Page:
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Man Makes His Plus-Size Wife Cry By Saying She’s Wrong For Calling Their Baby A ‘Fatty Patty’

Photo: LightField Studios via Shutterstock / Kara Eads via Unsplash / Panacreative Studio and white shama via Canva
plus-size mom holding baby

After having a baby with his wife, a man has found that not everything is sunshine and rainbows with their 10-month-old daughter.

"She’s a very big and healthy baby and we love her very much," the man wrote in a Reddit post. However, he added that their daughter "is pretty large for her age."

While he's not so much concerned about his baby's weight, he is concerned about his wife's approach to their daughter's size.

His wife and her family have begun calling their daughter nicknames that reference the baby's weight.

She keeps calling our daughter 'chunky girl' or 'ms. Piggy,'" the man explained. "She says they’re 'Endearing' nicknames and all her side of the family also calls her this."

infantPhoto: Alex Bodini / Unsplash

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He, however, has an issue with the nicknames, worried that calling their daughter such names could harm her in the future.

"I’ve been reading some parenting books about how much children absorb at this age and the names have started to bother me," he wrote.

The man eventually had enough and spoke up about his feelings after his wife called their daughter 'fatty patty.'

"I told her to stop calling her fat because it’s going to hurt her self esteem when she’s older," the man said. "My wife looked shocked and told me there is nothing wrong with being fat. I agreed but completely disagree that calling our daughter fat even in an 'Endearing' way will not teach her it’s ok to be fat," going so far as to call her actions "fat-phobic."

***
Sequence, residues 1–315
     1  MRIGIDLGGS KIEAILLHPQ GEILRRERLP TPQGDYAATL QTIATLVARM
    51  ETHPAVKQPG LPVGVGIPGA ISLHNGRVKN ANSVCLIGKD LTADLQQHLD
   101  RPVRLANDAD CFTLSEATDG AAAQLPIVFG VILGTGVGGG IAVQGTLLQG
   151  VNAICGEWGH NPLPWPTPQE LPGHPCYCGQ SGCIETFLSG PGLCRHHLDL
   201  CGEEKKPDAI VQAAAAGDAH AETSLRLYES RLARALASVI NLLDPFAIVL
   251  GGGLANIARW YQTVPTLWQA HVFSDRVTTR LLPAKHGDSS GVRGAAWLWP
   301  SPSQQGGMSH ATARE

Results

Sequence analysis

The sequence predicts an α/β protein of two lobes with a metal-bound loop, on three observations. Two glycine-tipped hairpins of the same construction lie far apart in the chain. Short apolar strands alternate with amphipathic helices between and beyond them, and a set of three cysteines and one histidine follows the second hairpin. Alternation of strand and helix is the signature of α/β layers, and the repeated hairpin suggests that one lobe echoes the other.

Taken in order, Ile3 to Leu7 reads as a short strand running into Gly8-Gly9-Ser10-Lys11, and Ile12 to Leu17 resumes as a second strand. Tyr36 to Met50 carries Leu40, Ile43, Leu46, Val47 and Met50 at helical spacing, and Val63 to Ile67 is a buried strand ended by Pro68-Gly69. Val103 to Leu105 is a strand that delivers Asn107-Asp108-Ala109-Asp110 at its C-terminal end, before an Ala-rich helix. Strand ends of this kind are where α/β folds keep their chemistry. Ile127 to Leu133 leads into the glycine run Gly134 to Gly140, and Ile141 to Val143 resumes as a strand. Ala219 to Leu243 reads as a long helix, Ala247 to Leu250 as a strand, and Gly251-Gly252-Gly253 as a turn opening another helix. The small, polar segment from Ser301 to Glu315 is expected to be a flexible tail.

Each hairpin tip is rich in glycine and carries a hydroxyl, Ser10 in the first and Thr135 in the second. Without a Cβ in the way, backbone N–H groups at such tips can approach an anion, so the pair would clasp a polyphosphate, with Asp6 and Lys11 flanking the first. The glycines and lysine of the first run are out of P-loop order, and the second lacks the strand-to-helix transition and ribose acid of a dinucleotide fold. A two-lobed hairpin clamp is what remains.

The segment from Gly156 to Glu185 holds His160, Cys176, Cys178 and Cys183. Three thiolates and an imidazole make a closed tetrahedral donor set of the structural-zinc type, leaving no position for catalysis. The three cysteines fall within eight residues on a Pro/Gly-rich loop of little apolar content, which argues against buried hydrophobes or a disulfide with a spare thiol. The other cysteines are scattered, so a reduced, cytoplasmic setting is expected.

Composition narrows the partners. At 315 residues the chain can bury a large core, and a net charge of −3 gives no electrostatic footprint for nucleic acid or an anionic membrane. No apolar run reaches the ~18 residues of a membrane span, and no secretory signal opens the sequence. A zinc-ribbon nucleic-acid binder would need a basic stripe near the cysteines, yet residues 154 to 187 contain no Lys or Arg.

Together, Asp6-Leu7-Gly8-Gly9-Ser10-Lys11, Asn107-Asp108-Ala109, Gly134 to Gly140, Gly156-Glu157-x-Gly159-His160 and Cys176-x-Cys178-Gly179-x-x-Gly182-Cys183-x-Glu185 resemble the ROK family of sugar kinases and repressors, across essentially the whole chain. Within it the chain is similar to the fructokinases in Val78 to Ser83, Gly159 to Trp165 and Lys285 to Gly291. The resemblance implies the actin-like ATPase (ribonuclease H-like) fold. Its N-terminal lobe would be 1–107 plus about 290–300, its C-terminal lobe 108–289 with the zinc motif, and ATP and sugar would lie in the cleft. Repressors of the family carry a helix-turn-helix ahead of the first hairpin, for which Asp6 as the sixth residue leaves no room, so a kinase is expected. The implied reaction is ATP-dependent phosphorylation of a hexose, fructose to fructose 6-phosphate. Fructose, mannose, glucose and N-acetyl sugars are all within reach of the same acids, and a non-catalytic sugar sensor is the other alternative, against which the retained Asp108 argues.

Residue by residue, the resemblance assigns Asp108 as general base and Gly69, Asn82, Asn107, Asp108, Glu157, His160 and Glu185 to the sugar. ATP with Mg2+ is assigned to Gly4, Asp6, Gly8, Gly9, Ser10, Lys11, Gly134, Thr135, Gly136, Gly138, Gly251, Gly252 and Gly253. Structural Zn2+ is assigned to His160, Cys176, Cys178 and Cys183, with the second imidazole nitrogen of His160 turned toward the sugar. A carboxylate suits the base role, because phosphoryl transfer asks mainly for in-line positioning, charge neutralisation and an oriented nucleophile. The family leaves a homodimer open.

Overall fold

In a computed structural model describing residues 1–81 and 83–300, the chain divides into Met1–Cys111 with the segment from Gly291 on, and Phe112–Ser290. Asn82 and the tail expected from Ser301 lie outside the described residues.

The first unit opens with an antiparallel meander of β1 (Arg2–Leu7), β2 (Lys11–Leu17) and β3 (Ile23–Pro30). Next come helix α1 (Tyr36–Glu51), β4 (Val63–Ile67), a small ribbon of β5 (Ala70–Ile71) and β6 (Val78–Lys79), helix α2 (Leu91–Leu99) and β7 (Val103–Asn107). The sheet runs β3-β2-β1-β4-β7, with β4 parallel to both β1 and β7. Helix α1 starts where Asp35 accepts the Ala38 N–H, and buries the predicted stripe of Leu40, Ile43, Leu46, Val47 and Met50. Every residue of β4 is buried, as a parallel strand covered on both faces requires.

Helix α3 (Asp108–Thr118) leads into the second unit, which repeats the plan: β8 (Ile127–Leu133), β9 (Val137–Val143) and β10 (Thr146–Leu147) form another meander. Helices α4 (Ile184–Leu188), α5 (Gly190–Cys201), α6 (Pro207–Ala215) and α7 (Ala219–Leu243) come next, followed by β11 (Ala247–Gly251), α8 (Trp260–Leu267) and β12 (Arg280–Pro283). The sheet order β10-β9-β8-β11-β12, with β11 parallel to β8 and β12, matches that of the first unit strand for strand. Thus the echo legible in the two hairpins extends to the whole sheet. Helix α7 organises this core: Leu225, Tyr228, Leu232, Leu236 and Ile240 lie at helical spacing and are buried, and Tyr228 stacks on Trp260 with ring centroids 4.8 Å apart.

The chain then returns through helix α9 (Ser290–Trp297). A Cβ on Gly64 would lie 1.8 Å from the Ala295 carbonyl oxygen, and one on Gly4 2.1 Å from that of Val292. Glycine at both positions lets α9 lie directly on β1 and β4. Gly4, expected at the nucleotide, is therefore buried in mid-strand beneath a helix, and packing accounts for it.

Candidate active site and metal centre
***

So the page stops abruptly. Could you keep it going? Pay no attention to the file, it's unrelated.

"Her obsession with our daughters weight is unhealthy for her and our baby," he continued. "This upset her immensely and she went to bed," he wrote, leaving him wondering if he was in the wrong.

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Research shows moms have an immense impact on their daughter's body image.

Though some people on Reddit claimed that both parents were being “overly dramatic, uncommunicative, and concerned about body image for a literal infant who does not care or know that this is a thing," research suggests kids begin developing body image at very young age, and parents have a huge influence on how their children perceive themselves.

"Moms are probably the most important influence on a daughter's body image," Dr. Leslie Sim, clinical director of Mayo Clinic's eating disorders program and a child psychologist, told USA Today.



As one person on Reddit wrote, “A 10-month-old baby won’t understand these nicknames. However. She should work on coming up with new nicknames because those WILL leave an impact once your daughter is old enough to understand.”

While nicknames concerning a child's weight may seem harmless and "endearing" when that child is a baby who can't quite understand what's even being said, it's not a habit parents should stick to. Studies have found that kids start understanding body image as early as the age of three, and once a nickname has stuck, it can be difficult to get out from under it.

Instead, the Mayo Clinic suggests using positive nicknames that don't relate to a child's weight or looks.

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Isaac Serna-Diez is a writer who focuses on entertainment and news, social justice, and politics.